A High School Football Team Decided To Kneel During The Anthem So The Refs Taught Them A Huge Lesson…
A high school football game was disrupted when the referees decided to teach these players a valuable lesson after kneeling during the national anthem.
In the era of rampant political correctness, where it has become a fad to disregard the foundations that made America great, Colin Kaepernick, the once-prolific NFL quarterback, sparked a movement that profoundly disrespects our cherished national anthem, which stands as an emblem of American values and the sacrifices made by our military personnel.
Monroe High School, evidently influenced by Kaepernick's misguided protest, decided to integrate this form of disrespect into their pregame ceremony. As the sound of the Star-Spangled Banner filled the air, the sight of high schoolers kneeling rather than standing in respect was met with the righteous indignation of the game's two referees. Refusing to be mere spectators of this affront to American pride, they made their feelings known through a dignified protest of their own - walking off the field.
Leading this symbolic counter-protest were the game's officials, Ernie Lunardelli, a 54-year-old patriot, and his son, Anthony, aged 27. In New Jersey, these two men stood tall against the wave of misguided adolescent 'activism', putting a line in the sand against those disrespecting the pregame ceremony - a time meant to honor, not to dishonor, America.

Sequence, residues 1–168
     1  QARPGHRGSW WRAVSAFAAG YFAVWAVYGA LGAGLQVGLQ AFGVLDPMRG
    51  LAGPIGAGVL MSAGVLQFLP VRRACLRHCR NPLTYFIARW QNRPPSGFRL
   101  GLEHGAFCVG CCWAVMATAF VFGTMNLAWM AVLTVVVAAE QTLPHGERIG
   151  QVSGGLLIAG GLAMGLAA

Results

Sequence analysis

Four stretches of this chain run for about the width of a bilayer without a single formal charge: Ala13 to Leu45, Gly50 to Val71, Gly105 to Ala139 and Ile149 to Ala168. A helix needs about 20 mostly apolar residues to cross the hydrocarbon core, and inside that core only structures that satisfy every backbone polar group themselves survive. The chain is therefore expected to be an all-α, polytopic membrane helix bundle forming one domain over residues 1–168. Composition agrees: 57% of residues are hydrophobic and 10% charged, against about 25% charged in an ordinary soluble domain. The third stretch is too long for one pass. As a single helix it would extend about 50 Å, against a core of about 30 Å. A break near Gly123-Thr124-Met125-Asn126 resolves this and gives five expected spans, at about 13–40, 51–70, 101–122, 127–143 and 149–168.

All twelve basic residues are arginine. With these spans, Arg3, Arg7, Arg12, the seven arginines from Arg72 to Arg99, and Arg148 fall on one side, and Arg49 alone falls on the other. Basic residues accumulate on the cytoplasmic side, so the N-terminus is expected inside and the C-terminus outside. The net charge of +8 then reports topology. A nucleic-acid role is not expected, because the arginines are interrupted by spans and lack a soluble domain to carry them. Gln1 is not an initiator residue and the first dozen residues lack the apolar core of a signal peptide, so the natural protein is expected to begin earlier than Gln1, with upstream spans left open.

The elder Lunardelli made it clear that this had nothing to do with stifling free speech. His rebuke, he clarified, was against those tarnishing symbols of national unity. In his words, “I’m not in favor of anyone disrespecting our country, our flag, the armed forces...What they’re protesting has nothing to do with the national anthem, and I’m against it, so I decided to protest for them kneeling, and that’s what I did.”
Ernie grapples with why these protests have to occur during the anthem. A time meant to celebrate the game and the unity it brings, tainted by unrelated political statements. His protest, he insists, isn’t against individuals, but the act of disrespecting the national anthem and the flag.
Ernie, with his steadfast love for his country, couldn't fathom the audacity of anyone, regardless of age or race, disrespecting these sacred symbols. "It’s not the way I was brought up, and it pisses me off that people are doing that,” he declares, emphasizing his intolerance for such acts.
In an act of preemptive protest, Ernie had earlier warned the league's commissioners of his intent to quit officiating games marred by such disrespectful protests. His decision was unwavering. So, when the students took a knee, Ernie and Anthony took their stand, exiting the field as they had vowed.
The Lunardellis' departure was hastily addressed with an ill-prepared solution of substituting two chain crew cadets into the game, a move that Ernie deems illegitimate. He argues, "That game should not count now because they did not have the right personnel on the field...These kids weren’t officially carded and trained, so they’re putting the kids in jeopardy. I’m not."
As the controversy unfolds, Ernie prepares to engage in a legal battle to uphold his principles, firmly stating, “I have a lawyer already set up because they’re not going to run me out of town.” His readiness underlines the seriousness of his commitment to safeguarding the honor of our great nation against those who would thoughtlessly tarnish it.
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